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Study reports results of genetic testing for 22 genetic causes of neonatal diabetes

Study reports results of genetic testing for 22 genetic causes of neonatal diabetes

Over a 10 year period, the time that babies receive genetic testing after being diagnosed with diabetes has fallen from over four years to under two months. Pinpointing the exact genetic causes of sometimes rare forms of diabetes is revolutionising healthcare for these patients. [More]
Neuroscientist discovers how animal's biological clock wakes up, goes to sleep

Neuroscientist discovers how animal's biological clock wakes up, goes to sleep

Fifteen years ago, an odd mutant fruit fly caught the attention and curiosity of Dr. Ravi Allada, a circadian rhythms expert at Northwestern University, leading the neuroscientist to recently discover how an animal's biological clock wakes it up in the morning and puts it to sleep at night. [More]
Ion channel blockers prove useful in cancer therapy

Ion channel blockers prove useful in cancer therapy

Drugs called ion channel blockers, which are commonly used to treat cardiac, neurological, and psychiatric disorders, might prove useful in cancer therapy, according to research findings in fruit flies and mice by UC San Francisco scientists that led to unconventional treatment of a case of metastatic brain cancer. [More]
Brain protein plays key role in controlling binge drinking

Brain protein plays key role in controlling binge drinking

Scientists at The Scripps Research Institute have discovered that a brain protein has a key role in controlling binge drinking in animal models. They found that deleting the gene for this protein in mice ramped up alcohol consumption and prevented the brain from signaling the rewarding properties of alcohol. [More]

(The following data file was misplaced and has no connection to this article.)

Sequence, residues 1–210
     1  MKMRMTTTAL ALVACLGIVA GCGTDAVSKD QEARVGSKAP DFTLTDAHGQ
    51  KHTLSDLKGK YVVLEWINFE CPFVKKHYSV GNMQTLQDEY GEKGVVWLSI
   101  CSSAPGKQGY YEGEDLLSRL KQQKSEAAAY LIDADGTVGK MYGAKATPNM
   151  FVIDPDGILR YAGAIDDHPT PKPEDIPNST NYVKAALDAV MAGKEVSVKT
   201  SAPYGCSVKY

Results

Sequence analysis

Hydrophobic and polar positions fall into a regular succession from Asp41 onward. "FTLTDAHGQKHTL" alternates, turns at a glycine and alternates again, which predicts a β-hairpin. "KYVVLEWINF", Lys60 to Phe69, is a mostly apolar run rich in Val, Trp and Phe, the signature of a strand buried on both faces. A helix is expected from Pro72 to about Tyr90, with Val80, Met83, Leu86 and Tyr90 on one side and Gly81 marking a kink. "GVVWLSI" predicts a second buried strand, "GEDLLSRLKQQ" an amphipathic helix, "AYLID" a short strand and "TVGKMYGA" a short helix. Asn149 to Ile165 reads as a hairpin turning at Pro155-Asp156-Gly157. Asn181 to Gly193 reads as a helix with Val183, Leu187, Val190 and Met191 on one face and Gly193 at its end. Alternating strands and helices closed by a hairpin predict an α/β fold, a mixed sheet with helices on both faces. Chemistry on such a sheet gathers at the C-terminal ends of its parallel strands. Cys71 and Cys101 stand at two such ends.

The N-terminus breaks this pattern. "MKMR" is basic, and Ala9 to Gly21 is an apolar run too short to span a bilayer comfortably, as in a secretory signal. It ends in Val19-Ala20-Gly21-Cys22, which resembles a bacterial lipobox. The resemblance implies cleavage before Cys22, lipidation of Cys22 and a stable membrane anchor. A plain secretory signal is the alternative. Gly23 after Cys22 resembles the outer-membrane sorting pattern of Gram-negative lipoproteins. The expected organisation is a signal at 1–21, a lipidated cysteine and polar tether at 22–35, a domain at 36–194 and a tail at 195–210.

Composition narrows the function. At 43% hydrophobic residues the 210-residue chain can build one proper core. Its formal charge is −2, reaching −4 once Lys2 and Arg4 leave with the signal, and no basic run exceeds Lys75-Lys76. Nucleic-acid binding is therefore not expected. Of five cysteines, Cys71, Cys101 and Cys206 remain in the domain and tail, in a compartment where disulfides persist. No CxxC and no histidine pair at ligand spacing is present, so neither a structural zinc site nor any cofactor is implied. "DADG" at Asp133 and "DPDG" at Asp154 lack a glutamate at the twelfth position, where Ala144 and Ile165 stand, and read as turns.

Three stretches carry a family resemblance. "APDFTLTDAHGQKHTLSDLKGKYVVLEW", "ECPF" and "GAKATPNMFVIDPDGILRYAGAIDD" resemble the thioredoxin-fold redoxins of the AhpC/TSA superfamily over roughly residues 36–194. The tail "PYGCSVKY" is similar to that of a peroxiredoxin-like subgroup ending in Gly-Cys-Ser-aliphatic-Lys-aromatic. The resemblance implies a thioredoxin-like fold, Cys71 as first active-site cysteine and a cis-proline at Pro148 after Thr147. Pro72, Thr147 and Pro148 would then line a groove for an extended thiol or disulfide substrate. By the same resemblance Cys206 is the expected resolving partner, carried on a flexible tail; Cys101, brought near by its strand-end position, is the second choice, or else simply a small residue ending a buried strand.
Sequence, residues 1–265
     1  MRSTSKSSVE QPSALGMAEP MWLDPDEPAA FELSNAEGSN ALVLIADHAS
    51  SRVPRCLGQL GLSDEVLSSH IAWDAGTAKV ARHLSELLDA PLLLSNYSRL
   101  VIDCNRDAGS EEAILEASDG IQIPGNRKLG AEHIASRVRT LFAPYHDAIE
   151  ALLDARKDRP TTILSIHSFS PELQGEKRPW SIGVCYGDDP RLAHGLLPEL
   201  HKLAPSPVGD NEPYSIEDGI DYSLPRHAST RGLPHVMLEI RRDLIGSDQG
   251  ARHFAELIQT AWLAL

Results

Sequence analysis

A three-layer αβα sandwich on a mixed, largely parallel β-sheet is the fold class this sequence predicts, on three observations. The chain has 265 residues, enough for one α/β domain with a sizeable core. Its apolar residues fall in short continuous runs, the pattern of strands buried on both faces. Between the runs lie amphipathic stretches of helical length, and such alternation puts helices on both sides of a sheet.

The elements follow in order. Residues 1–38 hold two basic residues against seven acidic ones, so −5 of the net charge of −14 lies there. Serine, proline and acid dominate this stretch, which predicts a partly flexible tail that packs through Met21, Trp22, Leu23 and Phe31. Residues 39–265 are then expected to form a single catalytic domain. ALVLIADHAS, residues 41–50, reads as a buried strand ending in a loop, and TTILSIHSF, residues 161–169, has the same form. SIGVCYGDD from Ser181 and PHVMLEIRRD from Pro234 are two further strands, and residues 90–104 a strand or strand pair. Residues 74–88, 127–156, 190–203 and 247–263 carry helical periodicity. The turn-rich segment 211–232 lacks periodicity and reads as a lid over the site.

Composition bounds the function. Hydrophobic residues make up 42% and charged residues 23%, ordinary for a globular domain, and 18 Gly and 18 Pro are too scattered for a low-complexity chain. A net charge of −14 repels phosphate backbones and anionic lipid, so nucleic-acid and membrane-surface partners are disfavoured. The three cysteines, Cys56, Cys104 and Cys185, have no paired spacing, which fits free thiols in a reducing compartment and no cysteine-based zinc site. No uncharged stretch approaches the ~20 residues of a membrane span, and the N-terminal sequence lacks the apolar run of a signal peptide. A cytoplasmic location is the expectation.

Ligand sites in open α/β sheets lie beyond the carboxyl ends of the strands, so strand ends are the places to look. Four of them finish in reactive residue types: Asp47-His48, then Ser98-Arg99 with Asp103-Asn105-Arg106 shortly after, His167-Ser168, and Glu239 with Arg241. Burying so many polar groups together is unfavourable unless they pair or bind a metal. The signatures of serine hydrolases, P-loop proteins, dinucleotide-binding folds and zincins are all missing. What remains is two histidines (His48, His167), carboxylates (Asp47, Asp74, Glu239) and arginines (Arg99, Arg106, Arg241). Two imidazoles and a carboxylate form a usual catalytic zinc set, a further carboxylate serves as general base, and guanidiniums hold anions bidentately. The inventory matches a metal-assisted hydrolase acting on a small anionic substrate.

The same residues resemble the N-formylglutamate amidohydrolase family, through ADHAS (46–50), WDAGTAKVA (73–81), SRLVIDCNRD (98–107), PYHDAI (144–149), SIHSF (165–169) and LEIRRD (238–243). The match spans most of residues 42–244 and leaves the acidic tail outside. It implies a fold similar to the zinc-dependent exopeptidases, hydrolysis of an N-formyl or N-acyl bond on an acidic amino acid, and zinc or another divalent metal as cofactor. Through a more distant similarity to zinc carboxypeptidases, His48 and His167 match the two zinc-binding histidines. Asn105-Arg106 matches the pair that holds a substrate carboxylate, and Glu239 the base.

European scientists identify gene linked with certain types of early-onset epilepsy

European scientists identify gene linked with certain types of early-onset epilepsy

Certain types of early-onset epilepsy are caused by previously unknown mutations of a potassium channel gene, KCNA2. The mutations disrupt the electrical balance in the brain in two ways. In some patients, the flow of potassium is greatly reduced; while in others, it is raised enormously. Both states can lead to hard-to-treat epileptic seizures. Mental and motor development can come to a stop, or even to regress. [More]
USF researchers awarded grant to test new drug for age-related hearing loss

USF researchers awarded grant to test new drug for age-related hearing loss

A successful treatment for age-related hearing loss (ARHL) is a step closer to reality, thanks to a group of researchers from the University of South Florida. The research team comprised of faculty and students has been awarded $400,000 by Autifony Therapeutics, Ltd, a company based in the United Kingdom, to test a new drug the company developed for ARHL. [More]
Retigabine drug could reduce debilitating impact of strokes

Retigabine drug could reduce debilitating impact of strokes

New research suggests that an already-approved drug could dramatically reduce the debilitating impact of strokes, which affect nearly a million Americans every year. [More]
Damon Runyon Cancer Research Foundation names 15 new Damon Runyon Fellows

Damon Runyon Cancer Research Foundation names 15 new Damon Runyon Fellows

The Damon Runyon Cancer Research Foundation, a non-profit organization focused on supporting innovative early career researchers, named 15 new Damon Runyon Fellows at its fall Fellowship Award Committee review. The recipients of this prestigious, four-year award are outstanding postdoctoral scientists conducting basic and translational cancer research in the laboratories of leading senior investigators across the country. [More]
Study identifies new gene for progressive form of epilepsy

Study identifies new gene for progressive form of epilepsy

A study led by researchers at University of Helsinki, Finland and Universities of Melbourne and South Australia has identified a new gene for a progressive form of epilepsy. The findings of this international collaborative effort have been published today, 17 November 2014, in Nature Genetics. [More]
Researchers discover new genetic cause of rare, complex form of epilepsy